Drenched at Donk
The day began dramatically as we woke to the sound of torrential monsoon rain and thunder followed by the regular fight for the Baltic shower. Initially delayed by an hour, our trek to Donk began at 11am sharp, (well that’s what my 49 rupee (60p) watch said!) The trek began with high spirits and song despite the unseasonal Himalayan weather’s attempt to thwart our enthusiasm. It seemed easy as our accompanying guide was Surender, the director of the charity which runs Donk and Kaplani schools, who is arguably the most inspirational man we have ever met. Although the beautiful landscape was at times distracting it realised the severity and reality of many of the children’s daily trek to school, and we think Translink buses are bad!
As wet and miserable as we were, the near sight of Donk Primary School returned our previous enthusiasm and reminded us all of the reason of what we were doing and for what purpose. Entering the school was as if we had arrived in 1935 via a De Lorean. Thomas Edison’s works played no part in Donk as electricity was nonexistent. The roof was plagued with holes, the floor was rough concrete and no glass was present in the windows. Literally the school consisted of two rooms, two teachers and no more than twenty pupils. However the teachers’ enthusiasm and love for the children demonstrated that it is not material, but mind that matters in life. The children found it difficult to hear us over the torrential rain banging on the corrugated iron roof but they were so keen to learn that the lesson went well anyway.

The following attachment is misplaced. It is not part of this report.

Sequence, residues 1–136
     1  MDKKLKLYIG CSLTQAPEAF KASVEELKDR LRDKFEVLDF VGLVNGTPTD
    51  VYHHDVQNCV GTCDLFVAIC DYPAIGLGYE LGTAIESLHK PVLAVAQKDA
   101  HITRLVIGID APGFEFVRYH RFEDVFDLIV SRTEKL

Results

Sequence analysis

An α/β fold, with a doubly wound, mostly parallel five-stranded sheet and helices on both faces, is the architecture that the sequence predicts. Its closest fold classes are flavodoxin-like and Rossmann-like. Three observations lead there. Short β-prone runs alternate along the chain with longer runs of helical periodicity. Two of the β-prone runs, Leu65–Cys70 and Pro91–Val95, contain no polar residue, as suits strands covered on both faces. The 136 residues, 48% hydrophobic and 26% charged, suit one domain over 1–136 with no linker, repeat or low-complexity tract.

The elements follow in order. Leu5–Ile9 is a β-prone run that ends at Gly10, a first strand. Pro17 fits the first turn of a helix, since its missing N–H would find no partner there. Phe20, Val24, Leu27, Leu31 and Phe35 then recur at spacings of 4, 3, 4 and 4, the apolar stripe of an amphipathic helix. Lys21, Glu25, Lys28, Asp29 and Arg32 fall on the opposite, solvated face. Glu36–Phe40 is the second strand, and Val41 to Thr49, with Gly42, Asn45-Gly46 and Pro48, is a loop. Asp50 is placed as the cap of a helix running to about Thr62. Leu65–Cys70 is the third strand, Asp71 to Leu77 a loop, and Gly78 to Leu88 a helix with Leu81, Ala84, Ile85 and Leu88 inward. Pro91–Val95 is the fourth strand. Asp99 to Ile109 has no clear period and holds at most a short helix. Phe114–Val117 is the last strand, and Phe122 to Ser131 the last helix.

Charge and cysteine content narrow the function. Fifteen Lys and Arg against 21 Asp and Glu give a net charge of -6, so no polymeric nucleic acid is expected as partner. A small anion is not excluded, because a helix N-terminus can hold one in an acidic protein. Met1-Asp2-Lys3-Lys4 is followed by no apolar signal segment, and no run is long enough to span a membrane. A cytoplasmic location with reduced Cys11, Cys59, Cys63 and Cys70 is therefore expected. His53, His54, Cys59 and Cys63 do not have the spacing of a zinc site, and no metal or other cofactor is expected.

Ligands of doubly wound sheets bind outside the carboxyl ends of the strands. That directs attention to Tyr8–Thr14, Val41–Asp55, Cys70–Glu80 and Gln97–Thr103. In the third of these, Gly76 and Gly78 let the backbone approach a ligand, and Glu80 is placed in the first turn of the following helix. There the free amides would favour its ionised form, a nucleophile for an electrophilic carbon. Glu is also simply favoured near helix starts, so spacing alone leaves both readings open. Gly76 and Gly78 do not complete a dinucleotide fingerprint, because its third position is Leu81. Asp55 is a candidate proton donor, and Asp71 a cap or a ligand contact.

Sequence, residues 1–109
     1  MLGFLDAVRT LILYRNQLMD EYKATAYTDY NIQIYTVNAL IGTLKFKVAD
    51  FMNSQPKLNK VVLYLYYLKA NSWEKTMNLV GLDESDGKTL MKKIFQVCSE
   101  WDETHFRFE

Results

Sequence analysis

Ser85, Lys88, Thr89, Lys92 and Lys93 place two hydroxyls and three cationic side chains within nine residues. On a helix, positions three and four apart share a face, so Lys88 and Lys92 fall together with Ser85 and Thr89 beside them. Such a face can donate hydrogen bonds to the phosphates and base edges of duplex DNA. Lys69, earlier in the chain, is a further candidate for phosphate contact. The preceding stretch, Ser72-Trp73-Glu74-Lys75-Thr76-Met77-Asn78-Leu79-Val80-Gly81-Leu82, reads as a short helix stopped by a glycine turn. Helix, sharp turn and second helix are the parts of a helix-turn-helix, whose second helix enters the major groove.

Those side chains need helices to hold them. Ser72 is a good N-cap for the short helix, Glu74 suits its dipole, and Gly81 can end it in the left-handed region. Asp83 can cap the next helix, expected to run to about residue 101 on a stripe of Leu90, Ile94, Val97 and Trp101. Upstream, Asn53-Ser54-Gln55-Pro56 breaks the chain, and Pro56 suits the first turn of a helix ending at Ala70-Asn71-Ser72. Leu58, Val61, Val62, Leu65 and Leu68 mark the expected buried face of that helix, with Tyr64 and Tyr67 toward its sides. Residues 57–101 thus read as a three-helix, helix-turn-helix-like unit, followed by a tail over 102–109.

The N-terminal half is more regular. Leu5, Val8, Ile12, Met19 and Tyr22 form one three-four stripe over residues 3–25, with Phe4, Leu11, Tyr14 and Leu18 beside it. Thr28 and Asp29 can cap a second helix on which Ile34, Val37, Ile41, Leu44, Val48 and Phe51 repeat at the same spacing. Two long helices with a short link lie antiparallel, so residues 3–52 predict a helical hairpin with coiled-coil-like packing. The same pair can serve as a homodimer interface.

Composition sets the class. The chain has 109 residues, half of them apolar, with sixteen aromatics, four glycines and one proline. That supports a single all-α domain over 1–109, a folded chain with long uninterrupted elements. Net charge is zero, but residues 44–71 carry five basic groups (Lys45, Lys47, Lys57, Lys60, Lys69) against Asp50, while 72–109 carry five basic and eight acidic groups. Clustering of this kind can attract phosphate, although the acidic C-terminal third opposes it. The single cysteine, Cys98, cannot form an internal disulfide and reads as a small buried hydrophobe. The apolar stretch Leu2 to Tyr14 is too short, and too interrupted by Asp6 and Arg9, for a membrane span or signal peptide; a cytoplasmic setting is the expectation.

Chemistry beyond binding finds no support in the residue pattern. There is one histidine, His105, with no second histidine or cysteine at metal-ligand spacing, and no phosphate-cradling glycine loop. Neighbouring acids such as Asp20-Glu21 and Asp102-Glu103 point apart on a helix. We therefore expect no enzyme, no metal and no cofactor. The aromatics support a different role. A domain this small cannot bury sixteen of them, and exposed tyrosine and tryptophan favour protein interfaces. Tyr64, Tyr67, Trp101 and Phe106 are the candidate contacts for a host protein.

On our trek back we trudged through the heavy rain accompanied by small children – some as young as four years old – who unlike us had no coats and in spite of having had no lunch were far more capable of the walk than us. Not to forget their lack of shoes.
As we trekked back Stephen noticed a boy struggling to walk home. Noticing this he lifted him and nobly offered to carry him the remaining 4km home. This feat was made even more impressive by the fact that this was done up hill, whilst carrying teaching resources upon his back and cradling a young Indian child in his arms. Clark Kent watch out! During the homeward journey we came upon some familiar faces, shouts of greetings from the Kaplani pupils was the final motivation required for the final push.
The trek ended with lots of blood stains upon our trousers – leeches! The Indian children casually dealt with these blood suckers with stones, merely flicking them aside. Everyone except the mighty David Burch was “leeched” and let’s just say we definitely didn’t “merely flick them aside”!
Goodbye from Matthew and Stephen